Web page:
Inspired by Jeff Borghoff, a 54 year old Forked River man battling early onset Alzheimer’s and Congressman Chris Smith, 1000 plus Jersey Shore residents Walked to End Alzheimer’s on the boardwalk in Bradley Beach on Saturday. The Bradley Beach walk is expected to raise over $100,000 for the Alzheimer’s Association.
“A heartfelt thank you to everyone who came out today to support this great cause, especially caregivers and families who have a loved one struggling with this horrible disease,” said Congressman Smith who co-authored the bipartisan National Alzheimer’s Project Act (NAPA, P.L. 111-375), which requires the creation of an annually-updated National Alzheimer’s Plan to coordinate efforts to fight Alzheimer’s and help those with the disease and their families.
“Events like this walk raise both money and awareness to support funds for Alzheimer’s research, and gives family members and people suffering from the disease hope that treatments and someday a cure will be found,” Smith said.
Held annually in hundreds of communities nationwide, the Alzheimer’s Association Walk to End Alzheimer’s is one of the world’s largest events to raise awareness and funds for Alzheimer’s care, support and research.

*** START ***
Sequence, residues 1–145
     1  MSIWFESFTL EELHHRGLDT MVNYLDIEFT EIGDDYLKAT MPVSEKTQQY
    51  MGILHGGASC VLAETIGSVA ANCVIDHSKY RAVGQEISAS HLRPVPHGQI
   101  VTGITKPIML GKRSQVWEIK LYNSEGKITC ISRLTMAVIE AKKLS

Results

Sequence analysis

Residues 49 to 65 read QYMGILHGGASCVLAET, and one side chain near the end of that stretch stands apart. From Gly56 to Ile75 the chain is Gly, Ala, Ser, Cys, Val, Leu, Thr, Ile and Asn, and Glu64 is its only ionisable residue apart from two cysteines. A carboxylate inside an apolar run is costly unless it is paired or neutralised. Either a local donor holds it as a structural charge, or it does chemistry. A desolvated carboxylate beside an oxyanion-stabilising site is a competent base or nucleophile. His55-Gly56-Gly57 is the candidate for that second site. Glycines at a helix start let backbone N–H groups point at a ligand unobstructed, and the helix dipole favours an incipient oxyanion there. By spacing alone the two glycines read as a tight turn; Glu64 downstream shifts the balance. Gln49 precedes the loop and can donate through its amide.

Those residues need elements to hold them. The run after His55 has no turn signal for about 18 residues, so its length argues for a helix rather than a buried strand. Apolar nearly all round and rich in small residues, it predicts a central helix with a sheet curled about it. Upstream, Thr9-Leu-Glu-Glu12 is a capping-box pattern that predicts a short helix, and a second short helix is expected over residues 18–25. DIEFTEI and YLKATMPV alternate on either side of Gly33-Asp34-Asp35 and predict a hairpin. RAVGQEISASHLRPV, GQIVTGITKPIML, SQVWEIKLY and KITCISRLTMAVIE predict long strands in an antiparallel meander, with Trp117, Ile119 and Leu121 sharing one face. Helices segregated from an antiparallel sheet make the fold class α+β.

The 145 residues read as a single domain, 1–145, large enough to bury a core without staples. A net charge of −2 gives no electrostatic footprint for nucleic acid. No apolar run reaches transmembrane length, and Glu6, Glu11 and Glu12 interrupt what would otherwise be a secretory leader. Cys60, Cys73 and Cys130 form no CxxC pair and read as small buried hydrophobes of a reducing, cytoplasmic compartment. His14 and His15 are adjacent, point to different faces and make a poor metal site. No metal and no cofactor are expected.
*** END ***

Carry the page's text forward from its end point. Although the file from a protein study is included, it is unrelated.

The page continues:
Smith is the co-founder and co-chairman of the Bipartisan Congressional Task Force on Alzheimer’s disease, and a long-time advocate for Alzheimer’s funding and research. Since 2015, federal funding of Alzheimer’s research has almost quadrupled…from $600 million to $2.3 billion, thanks to Smith’s legislative leadership.
In March 2018, key provisions from Smith’s Kevin and Avonte’s Law (HR 4221)—designed to help protect and locate children with Autism and elderly persons with Alzheimer’s who wander— were included in the Omnibus bill signed into law. The bill authorized $10 million in funding over five years for the Missing Americans Alert Program, which will help protect seniors with Alzheimer’s who are prone to wandering, as well as children with developmental disabilities, such as autism spectrum disorder (ASD). The program funds programs designed to help family members find loved ones in the critical first 24 hours. The law, funded at $2 million per year through FY 2022, will provide grants to help educate local law enforcement, health care agencies, and other organizations on wandering prevention efforts.